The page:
Mechanisms of Mitotic Spindle Assembly and Function

Claire Walczak, Rebecca Heald

Research output: Contribution to journalArticle

257 Scopus citations


The mitotic spindle is the macromolecular machine that segregates chromosomes to two daughter cells during mitosis. The major structural elements of the spindle are microtubule polymers, whose intrinsic polarity and dynamic properties are critical for bipolar spindle organization and function. In most cell types, spindle microtubule nucleation occurs primarily at two centrosomes, which define the spindle poles, but microtubules can also be generated by the chromosomes and within the spindle itself. Many associated factors help organize the spindle, including molecular motors and regulators of microtubule dynamics. The past decade has provided a wealth of information on the molecular players that are critical for spindle assembly as well as a high-resolution view of the intricate movements and dynamics of the spindle microtubules and the chromosomes. In this chapter we provide a historical account of the key observations leading to current models of spindle assembly, as well as an up-to-date status report on this exciting field.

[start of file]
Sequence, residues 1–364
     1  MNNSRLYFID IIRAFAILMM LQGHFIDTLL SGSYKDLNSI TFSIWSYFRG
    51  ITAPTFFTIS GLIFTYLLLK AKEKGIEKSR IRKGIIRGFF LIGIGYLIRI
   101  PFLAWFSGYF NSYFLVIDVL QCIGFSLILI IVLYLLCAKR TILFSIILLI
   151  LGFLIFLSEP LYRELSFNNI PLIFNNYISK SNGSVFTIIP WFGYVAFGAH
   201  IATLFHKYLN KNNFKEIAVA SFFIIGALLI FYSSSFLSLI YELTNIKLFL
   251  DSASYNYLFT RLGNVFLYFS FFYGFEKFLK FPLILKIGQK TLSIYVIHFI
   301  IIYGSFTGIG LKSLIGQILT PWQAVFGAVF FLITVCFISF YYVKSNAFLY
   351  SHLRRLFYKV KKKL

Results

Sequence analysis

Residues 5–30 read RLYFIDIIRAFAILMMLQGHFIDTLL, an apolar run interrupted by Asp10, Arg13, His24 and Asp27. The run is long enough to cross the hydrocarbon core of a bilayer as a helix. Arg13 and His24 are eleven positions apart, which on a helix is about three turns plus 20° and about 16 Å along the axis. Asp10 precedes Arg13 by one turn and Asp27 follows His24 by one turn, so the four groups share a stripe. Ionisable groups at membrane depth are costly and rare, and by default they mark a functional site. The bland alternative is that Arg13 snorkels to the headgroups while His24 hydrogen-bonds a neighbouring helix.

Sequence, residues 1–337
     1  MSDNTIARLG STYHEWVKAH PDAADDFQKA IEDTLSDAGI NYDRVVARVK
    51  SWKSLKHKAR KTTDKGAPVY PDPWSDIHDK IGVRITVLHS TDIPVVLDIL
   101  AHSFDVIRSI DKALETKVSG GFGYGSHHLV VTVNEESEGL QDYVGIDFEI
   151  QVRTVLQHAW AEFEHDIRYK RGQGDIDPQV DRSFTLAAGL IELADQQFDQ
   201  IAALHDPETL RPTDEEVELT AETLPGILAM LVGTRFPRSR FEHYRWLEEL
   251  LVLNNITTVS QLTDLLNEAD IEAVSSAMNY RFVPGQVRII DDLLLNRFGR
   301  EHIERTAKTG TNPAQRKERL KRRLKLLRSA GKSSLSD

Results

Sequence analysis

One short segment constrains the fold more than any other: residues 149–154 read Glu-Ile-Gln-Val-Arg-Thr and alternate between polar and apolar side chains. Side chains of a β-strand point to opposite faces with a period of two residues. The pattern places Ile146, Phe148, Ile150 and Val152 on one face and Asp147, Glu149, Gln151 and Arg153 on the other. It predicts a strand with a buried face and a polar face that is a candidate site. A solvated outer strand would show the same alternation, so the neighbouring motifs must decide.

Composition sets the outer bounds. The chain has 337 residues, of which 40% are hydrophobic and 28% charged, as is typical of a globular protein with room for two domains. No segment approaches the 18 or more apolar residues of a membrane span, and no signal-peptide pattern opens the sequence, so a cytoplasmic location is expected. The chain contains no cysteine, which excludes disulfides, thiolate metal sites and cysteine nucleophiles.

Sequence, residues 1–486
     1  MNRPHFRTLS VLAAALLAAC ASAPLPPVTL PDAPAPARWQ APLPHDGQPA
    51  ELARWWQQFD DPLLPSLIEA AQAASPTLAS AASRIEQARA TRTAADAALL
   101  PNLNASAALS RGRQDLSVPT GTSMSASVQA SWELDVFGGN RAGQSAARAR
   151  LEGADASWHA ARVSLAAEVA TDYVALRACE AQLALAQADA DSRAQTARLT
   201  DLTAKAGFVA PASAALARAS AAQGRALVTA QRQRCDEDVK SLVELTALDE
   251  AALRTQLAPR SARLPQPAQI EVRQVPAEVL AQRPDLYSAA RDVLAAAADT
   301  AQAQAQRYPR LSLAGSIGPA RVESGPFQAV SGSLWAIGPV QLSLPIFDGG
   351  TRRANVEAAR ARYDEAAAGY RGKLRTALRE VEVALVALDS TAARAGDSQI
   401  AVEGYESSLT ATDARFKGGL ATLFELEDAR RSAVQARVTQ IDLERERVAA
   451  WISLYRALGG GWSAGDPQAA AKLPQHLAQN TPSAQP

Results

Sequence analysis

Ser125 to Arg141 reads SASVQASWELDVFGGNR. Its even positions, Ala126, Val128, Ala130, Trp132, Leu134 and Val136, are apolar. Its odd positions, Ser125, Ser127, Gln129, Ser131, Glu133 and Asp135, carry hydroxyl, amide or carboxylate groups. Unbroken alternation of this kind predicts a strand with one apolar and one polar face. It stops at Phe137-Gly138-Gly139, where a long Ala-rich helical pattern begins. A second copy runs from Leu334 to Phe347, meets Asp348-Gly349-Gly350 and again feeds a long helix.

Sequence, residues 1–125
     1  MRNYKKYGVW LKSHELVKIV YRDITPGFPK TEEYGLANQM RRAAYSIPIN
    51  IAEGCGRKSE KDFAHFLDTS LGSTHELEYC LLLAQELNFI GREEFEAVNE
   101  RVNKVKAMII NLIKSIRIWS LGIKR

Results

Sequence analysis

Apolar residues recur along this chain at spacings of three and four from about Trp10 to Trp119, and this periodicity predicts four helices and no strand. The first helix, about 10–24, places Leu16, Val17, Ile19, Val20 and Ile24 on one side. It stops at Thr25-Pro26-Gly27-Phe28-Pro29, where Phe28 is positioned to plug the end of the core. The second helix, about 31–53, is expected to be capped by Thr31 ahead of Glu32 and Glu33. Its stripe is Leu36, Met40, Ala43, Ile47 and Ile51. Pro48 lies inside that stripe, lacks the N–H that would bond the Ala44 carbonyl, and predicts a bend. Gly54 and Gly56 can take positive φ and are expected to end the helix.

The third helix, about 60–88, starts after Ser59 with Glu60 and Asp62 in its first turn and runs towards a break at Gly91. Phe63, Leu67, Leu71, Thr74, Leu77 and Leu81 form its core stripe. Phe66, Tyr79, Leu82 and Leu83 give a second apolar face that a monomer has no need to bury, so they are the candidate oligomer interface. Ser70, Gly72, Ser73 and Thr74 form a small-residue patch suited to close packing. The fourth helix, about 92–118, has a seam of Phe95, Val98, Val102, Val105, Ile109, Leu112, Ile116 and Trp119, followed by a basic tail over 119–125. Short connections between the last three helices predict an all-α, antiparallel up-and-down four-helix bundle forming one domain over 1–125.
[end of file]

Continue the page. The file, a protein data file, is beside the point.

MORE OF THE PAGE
Original languageEnglish
Pages (from-to)111-158
Number of pages48
JournalInternational Review of Cytology
StatePublished - 2008


  • Anaphase
  • Aneuploidy
  • Chromosome segregation
  • Kinetochore
  • Mitosis
  • Mitotic spindle
  • Motor protein
  • Ran

ASJC Scopus subject areas

  • Cell Biology
  • Histology

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